The trial assessed outcomes in patients who had kidney stones between 1 to 2 cm.
Patients with intermediate-sized kidney stones who underwent mini-percutaneous nephrolithotomy (mPCNL) were more likely to achieve stone-free outcomes compared with those who underwent ureteroscopy (URS), new findings show.1,2
Data from the study were published in the Journal of Urology.
"In patients with intermediate-sized kidney stones, mini-PCNL may offer a more effective procedure, with similar safety and cost impact,” said senior author Jorge Gutierrez-Aceves, MD, in a news release on the findings.2 Gutierrez-Aceves is a center director for endourology and stone disease at Cleveland Clinic.
The prospective, randomized, controlled trial included patients who had kidney stones between 1 to 2 cm. They were randomized to receive mPCNL (n = 51) or URS (n = 50). Patients were excluded from the study if they had multiple stones, a solitary kidney, or comorbidities that precluded prone positioning.
Stones were fragmented and removed with a basket device for both procedures.
Data showed that stone-free rate with the 2-mm cutoff was achieved in 76% of patients who underwent mPCNL, compared with 46% of patients who underwent URS (P = .0023). The average total volume of residual stones among those who underwent mPCNL was 1.4 mm compared with 3.6 mm for those who underwent URS (P = .0026).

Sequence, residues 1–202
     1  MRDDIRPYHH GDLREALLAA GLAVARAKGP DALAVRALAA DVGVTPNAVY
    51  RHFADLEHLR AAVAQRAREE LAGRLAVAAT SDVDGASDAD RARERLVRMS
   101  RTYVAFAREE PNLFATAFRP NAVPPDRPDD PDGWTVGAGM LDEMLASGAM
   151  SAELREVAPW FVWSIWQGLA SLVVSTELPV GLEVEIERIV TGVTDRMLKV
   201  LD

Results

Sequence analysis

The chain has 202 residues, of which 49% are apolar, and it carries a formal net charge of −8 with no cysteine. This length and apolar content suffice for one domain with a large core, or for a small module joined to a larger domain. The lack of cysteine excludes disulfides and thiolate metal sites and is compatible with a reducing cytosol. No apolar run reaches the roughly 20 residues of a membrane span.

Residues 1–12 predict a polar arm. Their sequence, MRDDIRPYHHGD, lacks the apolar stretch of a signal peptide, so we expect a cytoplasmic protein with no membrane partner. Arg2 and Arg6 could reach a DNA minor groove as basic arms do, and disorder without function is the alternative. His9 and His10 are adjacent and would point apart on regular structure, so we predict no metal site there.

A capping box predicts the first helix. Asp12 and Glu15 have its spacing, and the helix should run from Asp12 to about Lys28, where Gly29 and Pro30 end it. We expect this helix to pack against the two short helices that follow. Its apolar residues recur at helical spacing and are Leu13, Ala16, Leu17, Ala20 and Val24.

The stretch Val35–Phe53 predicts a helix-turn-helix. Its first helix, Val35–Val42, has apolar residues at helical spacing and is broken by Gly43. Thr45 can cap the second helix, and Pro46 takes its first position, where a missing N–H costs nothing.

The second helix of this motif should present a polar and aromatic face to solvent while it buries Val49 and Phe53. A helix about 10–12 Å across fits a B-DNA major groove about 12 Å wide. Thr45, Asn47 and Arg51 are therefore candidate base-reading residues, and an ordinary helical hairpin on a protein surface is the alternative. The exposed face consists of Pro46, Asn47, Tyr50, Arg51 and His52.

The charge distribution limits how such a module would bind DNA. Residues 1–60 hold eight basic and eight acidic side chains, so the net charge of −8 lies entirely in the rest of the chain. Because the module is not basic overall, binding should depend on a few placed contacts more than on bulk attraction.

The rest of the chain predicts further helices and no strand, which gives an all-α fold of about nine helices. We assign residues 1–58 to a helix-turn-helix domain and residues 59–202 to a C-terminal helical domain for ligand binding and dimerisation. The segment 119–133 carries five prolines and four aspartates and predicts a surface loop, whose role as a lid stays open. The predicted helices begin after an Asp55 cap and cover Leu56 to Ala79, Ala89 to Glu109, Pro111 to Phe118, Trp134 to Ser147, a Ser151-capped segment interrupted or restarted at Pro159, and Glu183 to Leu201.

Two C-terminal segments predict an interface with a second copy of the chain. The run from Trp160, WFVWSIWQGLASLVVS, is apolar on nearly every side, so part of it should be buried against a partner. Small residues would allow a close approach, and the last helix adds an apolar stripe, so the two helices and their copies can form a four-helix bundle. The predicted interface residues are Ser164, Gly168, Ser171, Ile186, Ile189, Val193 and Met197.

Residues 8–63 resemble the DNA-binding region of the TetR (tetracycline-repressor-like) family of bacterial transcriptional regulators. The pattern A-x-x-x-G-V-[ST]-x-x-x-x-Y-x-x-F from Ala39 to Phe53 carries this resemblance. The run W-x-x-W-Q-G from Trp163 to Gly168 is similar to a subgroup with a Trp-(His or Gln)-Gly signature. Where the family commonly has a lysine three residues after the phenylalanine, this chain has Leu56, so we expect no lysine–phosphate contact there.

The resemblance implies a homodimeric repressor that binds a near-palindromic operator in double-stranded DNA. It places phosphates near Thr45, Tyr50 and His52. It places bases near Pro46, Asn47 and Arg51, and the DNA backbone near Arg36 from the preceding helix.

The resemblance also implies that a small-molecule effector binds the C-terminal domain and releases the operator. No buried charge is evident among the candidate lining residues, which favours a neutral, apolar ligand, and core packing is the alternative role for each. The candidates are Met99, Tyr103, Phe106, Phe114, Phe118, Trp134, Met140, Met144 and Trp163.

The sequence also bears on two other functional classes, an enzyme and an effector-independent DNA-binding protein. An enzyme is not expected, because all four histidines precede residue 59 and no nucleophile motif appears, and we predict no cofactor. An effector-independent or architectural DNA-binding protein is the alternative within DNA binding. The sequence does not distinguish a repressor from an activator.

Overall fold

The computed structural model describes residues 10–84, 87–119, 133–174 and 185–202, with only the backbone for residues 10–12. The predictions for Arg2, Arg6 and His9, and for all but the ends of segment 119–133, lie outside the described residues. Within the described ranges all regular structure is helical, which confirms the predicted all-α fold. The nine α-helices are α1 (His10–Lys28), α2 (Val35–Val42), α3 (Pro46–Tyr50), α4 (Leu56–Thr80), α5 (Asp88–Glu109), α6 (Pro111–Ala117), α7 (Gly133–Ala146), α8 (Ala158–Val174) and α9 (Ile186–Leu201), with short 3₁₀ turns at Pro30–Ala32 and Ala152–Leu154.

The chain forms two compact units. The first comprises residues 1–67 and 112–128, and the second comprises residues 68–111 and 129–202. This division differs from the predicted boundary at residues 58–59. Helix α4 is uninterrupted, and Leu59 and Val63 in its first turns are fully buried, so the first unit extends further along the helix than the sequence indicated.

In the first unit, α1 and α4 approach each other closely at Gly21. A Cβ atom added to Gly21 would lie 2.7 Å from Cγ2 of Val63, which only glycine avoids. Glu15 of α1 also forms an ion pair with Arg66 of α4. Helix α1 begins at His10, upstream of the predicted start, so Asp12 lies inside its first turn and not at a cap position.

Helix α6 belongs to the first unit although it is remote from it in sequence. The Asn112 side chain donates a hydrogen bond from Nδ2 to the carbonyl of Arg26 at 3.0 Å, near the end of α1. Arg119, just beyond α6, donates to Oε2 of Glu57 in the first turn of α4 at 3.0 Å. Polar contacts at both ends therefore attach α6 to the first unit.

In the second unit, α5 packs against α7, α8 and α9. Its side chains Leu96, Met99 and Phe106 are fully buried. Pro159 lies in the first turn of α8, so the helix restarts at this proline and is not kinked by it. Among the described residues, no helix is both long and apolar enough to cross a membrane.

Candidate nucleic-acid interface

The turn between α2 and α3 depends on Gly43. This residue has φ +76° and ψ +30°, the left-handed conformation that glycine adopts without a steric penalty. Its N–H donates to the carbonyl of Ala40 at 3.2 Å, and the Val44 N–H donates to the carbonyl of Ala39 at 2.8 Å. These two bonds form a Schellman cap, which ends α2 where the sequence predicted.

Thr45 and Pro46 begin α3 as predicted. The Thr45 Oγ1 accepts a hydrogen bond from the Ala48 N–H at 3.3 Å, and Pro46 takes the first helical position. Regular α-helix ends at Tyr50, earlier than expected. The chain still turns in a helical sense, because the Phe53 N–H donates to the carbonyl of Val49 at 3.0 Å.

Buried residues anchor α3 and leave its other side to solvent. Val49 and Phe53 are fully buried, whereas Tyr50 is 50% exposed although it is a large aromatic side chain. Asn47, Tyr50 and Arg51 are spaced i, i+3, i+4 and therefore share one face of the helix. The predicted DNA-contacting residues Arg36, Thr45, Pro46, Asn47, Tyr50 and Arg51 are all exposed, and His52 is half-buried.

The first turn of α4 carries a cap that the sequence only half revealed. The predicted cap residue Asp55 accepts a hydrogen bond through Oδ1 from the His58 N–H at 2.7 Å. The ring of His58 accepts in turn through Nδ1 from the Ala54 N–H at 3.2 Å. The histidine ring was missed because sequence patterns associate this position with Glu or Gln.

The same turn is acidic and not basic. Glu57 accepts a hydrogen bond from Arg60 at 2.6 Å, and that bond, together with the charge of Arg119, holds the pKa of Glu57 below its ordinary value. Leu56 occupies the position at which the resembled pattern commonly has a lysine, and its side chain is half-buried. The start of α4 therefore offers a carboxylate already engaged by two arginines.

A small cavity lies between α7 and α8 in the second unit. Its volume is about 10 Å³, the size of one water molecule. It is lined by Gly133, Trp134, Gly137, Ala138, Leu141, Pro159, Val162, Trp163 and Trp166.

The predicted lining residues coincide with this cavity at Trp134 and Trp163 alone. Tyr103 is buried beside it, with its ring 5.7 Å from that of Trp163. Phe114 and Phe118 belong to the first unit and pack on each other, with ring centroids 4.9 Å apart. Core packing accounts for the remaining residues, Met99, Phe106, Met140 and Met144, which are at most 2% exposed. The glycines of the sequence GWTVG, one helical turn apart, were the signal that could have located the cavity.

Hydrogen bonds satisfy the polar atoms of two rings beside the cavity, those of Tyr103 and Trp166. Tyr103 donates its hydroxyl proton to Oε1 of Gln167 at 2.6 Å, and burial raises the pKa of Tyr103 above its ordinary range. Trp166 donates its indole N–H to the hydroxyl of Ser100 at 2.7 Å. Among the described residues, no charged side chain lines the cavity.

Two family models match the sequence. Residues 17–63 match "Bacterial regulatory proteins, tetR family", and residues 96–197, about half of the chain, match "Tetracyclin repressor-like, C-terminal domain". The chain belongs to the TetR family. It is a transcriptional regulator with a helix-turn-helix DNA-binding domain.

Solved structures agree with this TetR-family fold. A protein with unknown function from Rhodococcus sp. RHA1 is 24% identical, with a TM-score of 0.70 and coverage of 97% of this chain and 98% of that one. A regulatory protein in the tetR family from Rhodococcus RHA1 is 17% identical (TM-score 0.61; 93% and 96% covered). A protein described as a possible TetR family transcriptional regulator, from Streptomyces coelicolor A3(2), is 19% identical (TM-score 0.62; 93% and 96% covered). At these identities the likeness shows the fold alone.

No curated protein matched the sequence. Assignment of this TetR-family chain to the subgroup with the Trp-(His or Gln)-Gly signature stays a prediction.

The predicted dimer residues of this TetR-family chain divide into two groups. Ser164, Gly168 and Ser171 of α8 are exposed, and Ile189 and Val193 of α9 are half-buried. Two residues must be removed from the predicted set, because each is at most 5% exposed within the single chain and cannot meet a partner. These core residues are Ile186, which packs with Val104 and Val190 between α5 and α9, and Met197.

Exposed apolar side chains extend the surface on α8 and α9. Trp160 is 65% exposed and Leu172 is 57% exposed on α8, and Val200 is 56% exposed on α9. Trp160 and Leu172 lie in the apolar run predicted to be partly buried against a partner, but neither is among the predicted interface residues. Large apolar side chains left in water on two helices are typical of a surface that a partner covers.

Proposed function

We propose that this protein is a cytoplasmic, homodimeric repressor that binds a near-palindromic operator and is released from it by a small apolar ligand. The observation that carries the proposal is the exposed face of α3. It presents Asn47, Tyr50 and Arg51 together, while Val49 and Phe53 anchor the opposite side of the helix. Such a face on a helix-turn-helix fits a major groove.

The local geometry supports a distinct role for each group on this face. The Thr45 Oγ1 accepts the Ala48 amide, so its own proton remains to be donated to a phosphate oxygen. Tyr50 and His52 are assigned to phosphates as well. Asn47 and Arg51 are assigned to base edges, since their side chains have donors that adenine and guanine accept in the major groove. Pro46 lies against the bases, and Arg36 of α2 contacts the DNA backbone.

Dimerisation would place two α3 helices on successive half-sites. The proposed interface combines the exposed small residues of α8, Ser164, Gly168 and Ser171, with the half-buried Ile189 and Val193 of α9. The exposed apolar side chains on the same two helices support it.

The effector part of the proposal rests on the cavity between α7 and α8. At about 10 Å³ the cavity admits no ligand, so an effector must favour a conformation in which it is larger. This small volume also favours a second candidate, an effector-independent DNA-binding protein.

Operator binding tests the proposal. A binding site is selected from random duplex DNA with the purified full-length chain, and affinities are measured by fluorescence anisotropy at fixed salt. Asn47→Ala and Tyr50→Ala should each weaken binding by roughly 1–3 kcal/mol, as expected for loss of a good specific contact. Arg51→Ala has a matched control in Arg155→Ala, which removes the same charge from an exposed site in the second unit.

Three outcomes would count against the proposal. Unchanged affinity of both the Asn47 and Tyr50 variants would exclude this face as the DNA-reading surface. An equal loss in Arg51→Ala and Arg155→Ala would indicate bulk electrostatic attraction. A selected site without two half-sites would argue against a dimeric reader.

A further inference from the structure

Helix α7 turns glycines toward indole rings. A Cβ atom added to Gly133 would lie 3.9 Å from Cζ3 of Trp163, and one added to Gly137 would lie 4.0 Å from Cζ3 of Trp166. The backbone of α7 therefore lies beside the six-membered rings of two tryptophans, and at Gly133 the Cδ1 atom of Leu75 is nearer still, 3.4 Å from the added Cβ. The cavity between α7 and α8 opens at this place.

Patients who underwent mPCNL had a longer length of stay, with an average of 1 night in the hospital compared with those in the URS group (P < .0001), who were not kept overnight. Fluoroscopy time was also found to be significantly higher in the mPCNL group, which had an average time of 273 seconds, compared with 49 seconds in the URS group (P < .0001).
Postoperative 30-day complications were similar among the 2 groups, with a rate of 2% among the mPCNL group and 4% among the URS group (P = .6). The need for a secondary procedure within 30 days (P = .7), pre- to post-operative creatinine change (P = .6), and overall surgical time also did not vary significantly between the 2 groups (P = .2).
When looking at costs, the investigators found that both net revenue and direct costs were higher among patients in the mPCNL group (P < .05). However, these costs were found to offset each other due to the nonsignificant operating margin (P = .2541).
1. Dutta R, Mithal P, Klein I, Patel M, Gutierrez-Aceves J. Outcomes and costs following mini-percutaneous nephrolithotomy or flexible ureteroscopic lithotripsy for 1-2–cm renal stones: data from a prospective, randomized, clinical trial. J Urol. May 9, 2023. Accessed May 23, 2023. doi:10.1097/JU.0000000000003397
2. ‘Mini-PCNL’ surgery has higher stone-free rate in treating intermediate-size kidney stones. News release. Wolters Kluwer Health: Lippincott. May 10, 2023. Accessed May 23, 2023. https://www.newswise.com/articles/mini-pcnl-surgery-has-higher-stone-free-rate-in-treating-intermediate-size-kidney-stones?sc=mwhr&xy=10016681